Over the past few weeks, the sound of distant war drums seems to be beating louder. True, there are no great wars being fought, nor have there been since the last terrible World War. But little wars continue to plague humankind and the threat of an international conflagration often seems to be a lurking possibility. In the meantime, these little wars are responsible in much of the world for an appalling loss of life, health, prosperity and, of course, peace. The parade of the instruments of war during the American celebration of national independence this past week was a grim reminder that the freedom, joy, and security for which America’s War of Independence was fought remains an elusive attainment. It increasingly seems to be the case in the minds of many Americans that these fruits of peace, for which so many of the poor and oppressed long and are willing to risk their lives and meager wealth to reach, must be guarded jealously and shared at best stingily if at all.
If there is a link joining the readings in today’s liturgy, I think it would simply be peace, but a special kind of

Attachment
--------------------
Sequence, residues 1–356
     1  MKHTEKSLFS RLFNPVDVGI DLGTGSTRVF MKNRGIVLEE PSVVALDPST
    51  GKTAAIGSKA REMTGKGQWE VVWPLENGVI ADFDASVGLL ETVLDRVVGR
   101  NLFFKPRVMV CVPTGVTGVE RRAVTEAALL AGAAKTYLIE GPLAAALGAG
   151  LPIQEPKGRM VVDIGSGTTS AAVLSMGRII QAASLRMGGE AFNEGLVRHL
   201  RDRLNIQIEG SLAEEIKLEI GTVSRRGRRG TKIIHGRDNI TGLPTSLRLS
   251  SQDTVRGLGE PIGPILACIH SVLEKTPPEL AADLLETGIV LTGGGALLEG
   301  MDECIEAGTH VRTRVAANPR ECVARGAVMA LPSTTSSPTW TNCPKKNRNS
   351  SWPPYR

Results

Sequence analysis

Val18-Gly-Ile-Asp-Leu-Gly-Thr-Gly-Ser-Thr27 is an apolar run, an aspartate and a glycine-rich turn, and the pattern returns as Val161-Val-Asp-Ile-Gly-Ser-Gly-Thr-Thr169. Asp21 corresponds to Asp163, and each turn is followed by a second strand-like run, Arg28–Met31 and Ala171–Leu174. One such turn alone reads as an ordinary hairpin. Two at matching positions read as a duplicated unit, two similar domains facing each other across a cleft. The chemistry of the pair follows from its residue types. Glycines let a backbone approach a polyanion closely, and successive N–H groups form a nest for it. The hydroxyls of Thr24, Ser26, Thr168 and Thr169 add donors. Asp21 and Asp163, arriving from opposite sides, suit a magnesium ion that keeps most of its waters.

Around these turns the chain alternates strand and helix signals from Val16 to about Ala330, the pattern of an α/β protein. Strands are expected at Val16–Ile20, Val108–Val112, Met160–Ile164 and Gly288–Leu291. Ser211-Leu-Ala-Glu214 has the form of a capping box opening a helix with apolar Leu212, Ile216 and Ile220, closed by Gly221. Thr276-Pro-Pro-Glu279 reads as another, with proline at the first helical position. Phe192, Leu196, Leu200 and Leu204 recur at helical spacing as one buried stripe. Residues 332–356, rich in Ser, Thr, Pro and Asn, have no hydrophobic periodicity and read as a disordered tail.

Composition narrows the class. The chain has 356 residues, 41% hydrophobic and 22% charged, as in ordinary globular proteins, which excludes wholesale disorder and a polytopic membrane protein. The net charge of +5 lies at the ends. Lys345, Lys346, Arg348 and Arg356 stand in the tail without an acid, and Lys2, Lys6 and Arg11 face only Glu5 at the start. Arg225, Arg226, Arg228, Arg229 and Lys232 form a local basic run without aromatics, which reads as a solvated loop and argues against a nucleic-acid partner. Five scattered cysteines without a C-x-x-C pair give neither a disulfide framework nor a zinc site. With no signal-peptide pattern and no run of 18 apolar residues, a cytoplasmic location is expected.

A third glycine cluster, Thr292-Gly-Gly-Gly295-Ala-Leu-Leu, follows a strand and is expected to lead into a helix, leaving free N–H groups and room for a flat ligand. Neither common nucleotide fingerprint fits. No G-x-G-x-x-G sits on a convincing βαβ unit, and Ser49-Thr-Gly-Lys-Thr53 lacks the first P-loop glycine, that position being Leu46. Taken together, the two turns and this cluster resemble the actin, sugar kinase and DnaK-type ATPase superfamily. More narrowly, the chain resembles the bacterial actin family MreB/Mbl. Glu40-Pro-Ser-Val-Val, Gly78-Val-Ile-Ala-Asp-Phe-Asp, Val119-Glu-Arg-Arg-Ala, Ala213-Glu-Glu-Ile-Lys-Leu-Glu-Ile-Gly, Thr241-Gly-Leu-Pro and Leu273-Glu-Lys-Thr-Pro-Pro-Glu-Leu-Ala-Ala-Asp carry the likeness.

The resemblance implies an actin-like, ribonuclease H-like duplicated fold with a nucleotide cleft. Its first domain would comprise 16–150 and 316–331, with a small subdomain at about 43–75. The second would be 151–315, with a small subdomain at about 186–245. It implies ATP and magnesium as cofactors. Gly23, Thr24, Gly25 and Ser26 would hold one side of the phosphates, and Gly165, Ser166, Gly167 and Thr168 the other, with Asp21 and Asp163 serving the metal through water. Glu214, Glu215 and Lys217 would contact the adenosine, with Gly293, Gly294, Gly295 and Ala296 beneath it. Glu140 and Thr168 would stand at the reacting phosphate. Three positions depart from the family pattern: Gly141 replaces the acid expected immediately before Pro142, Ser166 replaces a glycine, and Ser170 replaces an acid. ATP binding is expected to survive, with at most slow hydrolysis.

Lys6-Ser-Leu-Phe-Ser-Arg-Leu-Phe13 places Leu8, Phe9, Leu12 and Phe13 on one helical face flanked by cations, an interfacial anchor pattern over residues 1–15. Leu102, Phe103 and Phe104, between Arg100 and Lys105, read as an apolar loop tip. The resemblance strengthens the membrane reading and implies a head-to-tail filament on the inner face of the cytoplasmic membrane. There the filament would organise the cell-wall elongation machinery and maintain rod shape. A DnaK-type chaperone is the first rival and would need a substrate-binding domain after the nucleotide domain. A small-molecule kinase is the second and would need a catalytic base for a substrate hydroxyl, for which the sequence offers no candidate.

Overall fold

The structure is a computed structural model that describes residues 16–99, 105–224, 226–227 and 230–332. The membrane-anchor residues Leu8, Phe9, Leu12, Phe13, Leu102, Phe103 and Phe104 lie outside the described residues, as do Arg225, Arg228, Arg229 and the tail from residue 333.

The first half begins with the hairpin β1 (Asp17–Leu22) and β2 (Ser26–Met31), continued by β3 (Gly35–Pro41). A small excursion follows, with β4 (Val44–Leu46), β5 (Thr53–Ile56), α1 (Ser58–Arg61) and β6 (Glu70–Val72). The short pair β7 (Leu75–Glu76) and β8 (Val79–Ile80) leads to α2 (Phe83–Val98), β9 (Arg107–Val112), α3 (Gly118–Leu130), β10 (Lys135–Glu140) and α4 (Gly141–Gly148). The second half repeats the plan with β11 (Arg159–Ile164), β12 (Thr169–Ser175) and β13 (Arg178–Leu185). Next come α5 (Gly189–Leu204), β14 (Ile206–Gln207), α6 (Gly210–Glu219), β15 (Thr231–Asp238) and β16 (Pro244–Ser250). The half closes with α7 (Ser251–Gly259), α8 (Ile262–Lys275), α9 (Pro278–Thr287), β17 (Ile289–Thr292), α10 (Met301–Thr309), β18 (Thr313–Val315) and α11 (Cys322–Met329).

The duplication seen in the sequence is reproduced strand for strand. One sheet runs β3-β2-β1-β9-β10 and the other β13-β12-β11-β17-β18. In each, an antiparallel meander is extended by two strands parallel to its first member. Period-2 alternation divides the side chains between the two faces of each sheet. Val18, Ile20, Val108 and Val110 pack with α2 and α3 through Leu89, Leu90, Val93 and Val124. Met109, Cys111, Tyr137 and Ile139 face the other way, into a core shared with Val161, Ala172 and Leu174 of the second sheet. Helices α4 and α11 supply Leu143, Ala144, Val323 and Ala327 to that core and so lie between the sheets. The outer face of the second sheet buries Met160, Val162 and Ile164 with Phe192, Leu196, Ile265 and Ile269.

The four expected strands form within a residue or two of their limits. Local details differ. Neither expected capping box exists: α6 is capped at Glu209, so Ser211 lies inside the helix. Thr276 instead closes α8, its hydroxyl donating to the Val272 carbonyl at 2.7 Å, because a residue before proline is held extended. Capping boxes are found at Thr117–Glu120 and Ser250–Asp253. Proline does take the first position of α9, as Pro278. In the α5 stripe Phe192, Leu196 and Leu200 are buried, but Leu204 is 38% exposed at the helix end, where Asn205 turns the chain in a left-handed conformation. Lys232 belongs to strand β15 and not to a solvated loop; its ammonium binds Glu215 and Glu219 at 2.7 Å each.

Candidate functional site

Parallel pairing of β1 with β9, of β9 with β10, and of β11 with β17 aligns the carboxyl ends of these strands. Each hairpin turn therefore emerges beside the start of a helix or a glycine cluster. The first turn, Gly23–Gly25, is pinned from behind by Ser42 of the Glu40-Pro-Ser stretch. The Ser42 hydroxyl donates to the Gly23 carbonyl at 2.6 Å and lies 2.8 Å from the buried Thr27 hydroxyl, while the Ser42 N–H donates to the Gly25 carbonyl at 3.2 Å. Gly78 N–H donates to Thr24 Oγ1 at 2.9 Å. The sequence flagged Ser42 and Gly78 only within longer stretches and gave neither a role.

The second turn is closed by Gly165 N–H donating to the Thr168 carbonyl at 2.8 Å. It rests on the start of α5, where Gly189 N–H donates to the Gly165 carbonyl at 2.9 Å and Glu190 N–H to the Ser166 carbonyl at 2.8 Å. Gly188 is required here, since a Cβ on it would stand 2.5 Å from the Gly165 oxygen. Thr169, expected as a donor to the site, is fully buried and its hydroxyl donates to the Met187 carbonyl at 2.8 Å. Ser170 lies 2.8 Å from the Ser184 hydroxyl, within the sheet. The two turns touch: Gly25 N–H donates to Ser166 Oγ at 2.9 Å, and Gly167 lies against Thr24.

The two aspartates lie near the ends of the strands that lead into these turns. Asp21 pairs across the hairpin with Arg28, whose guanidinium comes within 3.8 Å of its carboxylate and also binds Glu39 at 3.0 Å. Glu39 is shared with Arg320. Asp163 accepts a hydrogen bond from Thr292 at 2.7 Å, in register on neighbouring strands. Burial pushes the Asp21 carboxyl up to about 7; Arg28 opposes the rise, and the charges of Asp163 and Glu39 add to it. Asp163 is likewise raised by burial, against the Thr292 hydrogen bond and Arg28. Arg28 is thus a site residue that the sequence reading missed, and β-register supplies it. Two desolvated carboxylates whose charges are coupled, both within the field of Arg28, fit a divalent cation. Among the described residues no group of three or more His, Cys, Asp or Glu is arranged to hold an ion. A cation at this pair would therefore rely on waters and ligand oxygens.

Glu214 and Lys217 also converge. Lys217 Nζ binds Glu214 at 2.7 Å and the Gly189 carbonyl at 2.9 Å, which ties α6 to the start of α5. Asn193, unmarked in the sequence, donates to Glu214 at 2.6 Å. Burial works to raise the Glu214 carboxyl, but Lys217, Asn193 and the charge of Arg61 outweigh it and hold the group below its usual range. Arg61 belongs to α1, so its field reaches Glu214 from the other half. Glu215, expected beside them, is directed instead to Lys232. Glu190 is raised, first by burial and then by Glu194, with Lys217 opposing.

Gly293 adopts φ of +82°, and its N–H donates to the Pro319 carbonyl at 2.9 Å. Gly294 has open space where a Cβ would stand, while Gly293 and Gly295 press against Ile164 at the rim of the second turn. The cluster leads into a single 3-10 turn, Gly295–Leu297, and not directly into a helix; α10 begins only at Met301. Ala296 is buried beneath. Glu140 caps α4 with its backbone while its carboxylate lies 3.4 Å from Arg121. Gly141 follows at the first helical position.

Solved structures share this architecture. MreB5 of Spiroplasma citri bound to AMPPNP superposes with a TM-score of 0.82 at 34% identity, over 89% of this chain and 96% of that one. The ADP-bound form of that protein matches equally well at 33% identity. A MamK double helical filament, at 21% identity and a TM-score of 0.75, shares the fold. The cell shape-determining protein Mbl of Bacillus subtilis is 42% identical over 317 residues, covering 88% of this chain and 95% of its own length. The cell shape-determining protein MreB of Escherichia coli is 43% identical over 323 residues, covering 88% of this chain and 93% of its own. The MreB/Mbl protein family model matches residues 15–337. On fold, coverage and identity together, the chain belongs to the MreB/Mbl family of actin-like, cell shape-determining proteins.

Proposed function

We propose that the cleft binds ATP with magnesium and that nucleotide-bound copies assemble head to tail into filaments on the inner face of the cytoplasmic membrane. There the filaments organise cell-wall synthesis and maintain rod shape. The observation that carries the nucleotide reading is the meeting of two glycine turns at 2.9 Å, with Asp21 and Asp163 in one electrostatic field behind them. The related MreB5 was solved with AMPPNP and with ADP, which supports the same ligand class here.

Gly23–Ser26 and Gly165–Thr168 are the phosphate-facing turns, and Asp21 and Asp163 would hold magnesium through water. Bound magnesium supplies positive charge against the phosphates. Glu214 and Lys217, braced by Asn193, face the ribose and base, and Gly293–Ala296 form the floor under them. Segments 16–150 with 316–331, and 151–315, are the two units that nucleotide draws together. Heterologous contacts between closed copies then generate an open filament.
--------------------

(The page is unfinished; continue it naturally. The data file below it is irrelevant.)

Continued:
peace. The prophetic description by the poet known as Third Isaiah of the happiness of the exiles after they return to Jerusalem swells with the promise of shalom, that rich and almost untranslatable term that is usually rendered by the single English word, but encompasses good health, prosperity, welfare, tranquility, friendship, and well-being in general. It encompasses both inner freedom from anxiety and distress, and harmony among men and women and between them and their God. The Arabic cognate salam means the same. Both have been and are still used as ordinary greetings, as it was when Jesus himself encountered his followers after his resurrection. In today’s gospel reading, Jesus enjoins it on his disciples as they set out on their first mission. St. Paul uses it as a blessing in the second reading. It is God’s gift but spreads by means of human good will.
Times change, and in many respects the world manages to beat to the same drums, at least politically, that have disturbed the peace for millennia, something I reflected on just before Independence Day eighteen years ago, just two months before the terrible events of that September:
‘It’s foolish to think that God loves one nation more than all others; the question we face is whether we love God — whether we have responded wholeheartedly to the graces and blessings God has bestowed on us as a nation. Are we a beacon of hope and freedom to the oppressed people of the earth? Or have we also fallen back into yoke of slavery to the sinful social structures of the world — expedience, self-service, exploitation, and even tyranny?’
Looking ahead, may the gift we bring to the world be rather what God has willed for all – true and lasting peace. Shalom!